The Sierra Aluminum case involved an ESOP transaction, and the protocols in the Settlement Agreement have been interpreted to apply to all ESOP Trustees going forward. So, strictly speaking, the prevailing interpretation in the ESOP community is that the provisions of the Settlement Agreement are intended to apply to ESOP transactions, either at an initiating stage or at a follow-on stage. However, a number of the protocols involving the specific analytics of a valuation can extend beyond transaction analyses to include ongoing ESOP valuations for ongoing plan administration. Accordingly, while some have viewed the provisions of the Settlement Agreement to apply solely to ESOP transactions, we believe that they can be viewed as best practices for annual ESOP valuations. For this reason, we believe the extension of the Settlement Agreement protocols to the full spectrum of ESOP-related valuations is inevitable.
How Does This Impact Prairie’s Work?
Let’s start our answer to this question by categorizing the provisions of the Settlement Agreement into three basic groups: (1) valuation content and analysis, (2) the qualifications of the financial advisor to the ESOP Trustee and (3) the independence of that financial advisor.
What Has Prairie Done to Respond to the Trustees’ Requests?
There are two action items we have initiated. First, with regard to the valuation content and analysis pursuant to the Settlement Agreement, we are constructing an appendix to our reports that will assist the ESOP Trustee in their review of these specific items. The appendix will detail the processes, assumptions, calculations and conclusions identified in the Settlement Agreement and tie them into other sections of our report for more detail. The appendix will be part of our report regarding both ESOP transactions and ongoing ESOP valuations for the reasons discussed 4 previously; a best practice for ESOP transaction valuations should also be a best practice for ESOP update valuations used for plan administration purposes.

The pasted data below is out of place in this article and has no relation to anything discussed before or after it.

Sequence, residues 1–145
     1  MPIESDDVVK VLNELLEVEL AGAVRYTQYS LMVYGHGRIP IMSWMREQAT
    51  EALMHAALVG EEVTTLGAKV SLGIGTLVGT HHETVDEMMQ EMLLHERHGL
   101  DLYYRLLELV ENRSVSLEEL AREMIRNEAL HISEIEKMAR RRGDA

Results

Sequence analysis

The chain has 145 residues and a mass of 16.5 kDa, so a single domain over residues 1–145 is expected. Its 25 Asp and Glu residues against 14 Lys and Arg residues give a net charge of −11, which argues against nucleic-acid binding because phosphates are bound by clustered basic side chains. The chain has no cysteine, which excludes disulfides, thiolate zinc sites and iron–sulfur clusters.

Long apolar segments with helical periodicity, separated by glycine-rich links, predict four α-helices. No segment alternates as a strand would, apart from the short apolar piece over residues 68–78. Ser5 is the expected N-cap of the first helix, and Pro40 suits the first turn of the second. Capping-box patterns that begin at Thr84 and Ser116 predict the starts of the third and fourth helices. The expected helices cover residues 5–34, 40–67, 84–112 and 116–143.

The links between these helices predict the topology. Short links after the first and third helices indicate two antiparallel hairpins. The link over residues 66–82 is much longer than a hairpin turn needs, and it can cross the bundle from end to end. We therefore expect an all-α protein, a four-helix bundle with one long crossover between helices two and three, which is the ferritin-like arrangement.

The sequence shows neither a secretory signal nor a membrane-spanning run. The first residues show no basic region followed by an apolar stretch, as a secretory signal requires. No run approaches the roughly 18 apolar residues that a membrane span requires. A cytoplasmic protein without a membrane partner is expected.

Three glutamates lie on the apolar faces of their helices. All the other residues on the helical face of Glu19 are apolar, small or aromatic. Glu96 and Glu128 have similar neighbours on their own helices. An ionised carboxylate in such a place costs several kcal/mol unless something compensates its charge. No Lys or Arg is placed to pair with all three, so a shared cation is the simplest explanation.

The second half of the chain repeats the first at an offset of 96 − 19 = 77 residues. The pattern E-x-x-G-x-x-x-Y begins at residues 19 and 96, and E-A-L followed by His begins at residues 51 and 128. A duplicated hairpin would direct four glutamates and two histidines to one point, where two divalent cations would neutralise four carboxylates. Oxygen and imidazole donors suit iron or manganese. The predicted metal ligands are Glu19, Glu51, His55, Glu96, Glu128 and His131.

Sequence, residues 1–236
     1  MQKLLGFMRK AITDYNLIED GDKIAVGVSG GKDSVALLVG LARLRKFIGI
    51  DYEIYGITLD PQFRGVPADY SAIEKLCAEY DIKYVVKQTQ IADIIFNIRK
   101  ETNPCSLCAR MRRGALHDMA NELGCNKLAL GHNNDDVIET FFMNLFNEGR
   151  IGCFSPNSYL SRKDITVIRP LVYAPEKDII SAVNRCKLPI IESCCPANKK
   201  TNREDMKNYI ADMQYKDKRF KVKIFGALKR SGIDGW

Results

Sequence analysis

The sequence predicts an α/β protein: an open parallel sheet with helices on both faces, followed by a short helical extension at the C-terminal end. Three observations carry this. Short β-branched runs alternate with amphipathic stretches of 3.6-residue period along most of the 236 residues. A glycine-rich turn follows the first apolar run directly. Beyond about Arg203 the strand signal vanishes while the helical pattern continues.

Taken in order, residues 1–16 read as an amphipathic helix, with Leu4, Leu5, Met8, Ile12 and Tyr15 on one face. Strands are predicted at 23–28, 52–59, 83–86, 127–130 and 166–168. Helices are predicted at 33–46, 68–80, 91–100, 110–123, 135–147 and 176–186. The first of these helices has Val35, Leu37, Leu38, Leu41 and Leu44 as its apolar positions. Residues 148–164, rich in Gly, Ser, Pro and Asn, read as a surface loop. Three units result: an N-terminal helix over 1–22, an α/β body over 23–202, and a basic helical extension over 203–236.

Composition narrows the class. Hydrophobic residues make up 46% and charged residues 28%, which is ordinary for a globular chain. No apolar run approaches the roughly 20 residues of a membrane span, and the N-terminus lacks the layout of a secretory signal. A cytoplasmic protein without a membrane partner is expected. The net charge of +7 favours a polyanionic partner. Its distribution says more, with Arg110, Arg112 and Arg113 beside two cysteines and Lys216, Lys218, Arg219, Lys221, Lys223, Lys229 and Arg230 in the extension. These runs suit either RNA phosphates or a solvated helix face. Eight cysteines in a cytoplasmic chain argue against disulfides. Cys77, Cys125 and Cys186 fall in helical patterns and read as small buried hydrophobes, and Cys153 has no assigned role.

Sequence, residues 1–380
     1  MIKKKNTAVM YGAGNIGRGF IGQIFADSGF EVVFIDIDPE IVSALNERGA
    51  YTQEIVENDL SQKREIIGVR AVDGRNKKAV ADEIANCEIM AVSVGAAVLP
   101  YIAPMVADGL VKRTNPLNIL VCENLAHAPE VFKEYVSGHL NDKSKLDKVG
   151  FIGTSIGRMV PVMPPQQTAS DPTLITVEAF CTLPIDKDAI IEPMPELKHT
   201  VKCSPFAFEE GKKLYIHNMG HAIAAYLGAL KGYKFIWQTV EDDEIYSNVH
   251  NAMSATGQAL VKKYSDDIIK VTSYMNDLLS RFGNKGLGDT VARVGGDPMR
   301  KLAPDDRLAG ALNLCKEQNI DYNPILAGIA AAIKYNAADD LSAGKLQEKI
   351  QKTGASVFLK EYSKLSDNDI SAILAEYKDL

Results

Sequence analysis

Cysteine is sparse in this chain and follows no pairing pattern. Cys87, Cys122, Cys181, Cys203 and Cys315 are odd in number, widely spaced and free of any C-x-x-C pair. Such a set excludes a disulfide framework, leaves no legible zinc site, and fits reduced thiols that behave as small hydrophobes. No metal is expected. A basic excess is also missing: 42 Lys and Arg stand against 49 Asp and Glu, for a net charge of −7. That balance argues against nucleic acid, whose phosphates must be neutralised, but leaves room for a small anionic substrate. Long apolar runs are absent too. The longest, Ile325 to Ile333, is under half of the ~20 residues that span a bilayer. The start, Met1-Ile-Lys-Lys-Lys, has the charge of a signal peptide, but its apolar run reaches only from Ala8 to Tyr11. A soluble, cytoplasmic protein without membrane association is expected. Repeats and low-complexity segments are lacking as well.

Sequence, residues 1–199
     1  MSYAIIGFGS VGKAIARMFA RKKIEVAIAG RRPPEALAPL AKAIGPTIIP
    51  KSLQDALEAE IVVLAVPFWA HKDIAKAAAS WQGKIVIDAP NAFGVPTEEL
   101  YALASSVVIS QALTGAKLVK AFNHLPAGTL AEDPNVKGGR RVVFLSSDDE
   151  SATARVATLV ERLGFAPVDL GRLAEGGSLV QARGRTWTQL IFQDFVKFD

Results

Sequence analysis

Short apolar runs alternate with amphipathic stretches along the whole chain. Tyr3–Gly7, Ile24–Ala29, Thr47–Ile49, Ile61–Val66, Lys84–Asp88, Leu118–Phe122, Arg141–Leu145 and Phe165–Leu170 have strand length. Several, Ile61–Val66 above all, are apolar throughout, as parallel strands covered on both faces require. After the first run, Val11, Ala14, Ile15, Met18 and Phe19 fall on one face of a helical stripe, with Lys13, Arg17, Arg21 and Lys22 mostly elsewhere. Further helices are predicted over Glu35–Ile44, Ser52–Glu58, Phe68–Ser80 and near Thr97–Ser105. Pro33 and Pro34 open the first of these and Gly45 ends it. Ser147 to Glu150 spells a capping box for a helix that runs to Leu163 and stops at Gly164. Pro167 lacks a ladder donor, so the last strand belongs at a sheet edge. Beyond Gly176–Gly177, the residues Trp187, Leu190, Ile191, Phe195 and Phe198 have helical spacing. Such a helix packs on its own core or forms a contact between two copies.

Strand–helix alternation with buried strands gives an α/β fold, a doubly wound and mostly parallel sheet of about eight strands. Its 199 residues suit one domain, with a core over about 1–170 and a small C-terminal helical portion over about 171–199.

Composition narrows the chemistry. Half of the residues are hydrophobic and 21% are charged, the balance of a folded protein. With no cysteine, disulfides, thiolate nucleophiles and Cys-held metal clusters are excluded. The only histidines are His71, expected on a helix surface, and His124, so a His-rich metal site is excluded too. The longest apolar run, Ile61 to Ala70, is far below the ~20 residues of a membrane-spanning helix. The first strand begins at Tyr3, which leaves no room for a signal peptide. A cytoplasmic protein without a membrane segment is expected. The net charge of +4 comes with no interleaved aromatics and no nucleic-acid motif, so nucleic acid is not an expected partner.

Regarding the qualifications and independence pursuant to the Settlement Agreement, Prairie is preparing a general qualifications and independence memorandum, which will be updated periodically. The memorandum will be provided to all ESOP Trustee clients and it will include comprehensive responses to all of the questions that surface in the various RFQs. It will be supplemented with project-specific information as requested, which may include things like industry experience, client references and other items, on an opportunity-by-opportunity basis. We believe that the output of these action items will be of significant help to ESOP Trustees in their efforts to comply with the protocols reflected in the Settlement Agreement.
How Will This Impact ESOP Companies?
Companies considering the formation of an ESOP, or existing ESOP companies considering a nextstage ESOP transaction, may find themselves compelled to (1) engage a Company-side advisor or (2) conduct their own analysis. They will likely not have access to an ESOP financial advisor that can carry forward and serve as the financial advisor to the ESOP Trustee. For this reason, it is very likely that transaction timelines will be extended and all-in transaction costs for implementing an ESOP will increase.
While others reacting to the Settlement Agreement may choose to focus solely on its impacts to new ESOP transactions, we believe a better decision is to extend the Settlement Agreement guidelines to ESOP valuations prepared for ongoing administration. We believe that consistency in our work product is an absolute foundation of what we do. Therefore going forward, we will produce all ESOP related reports (transactions and updates) in a similar fashion. Prairie is going to exercise these best practices in everything we do. ESOP Trustees will ask for more detailed information and due diligence meetings may be more time consuming, which may result in an increase in costs to complete the ESOP valuation.
David Diehl is the CEO of Prairie Capital Advisors, Inc. He can be contacted at 630.413.5577 or by email: firstname.lastname@example.org.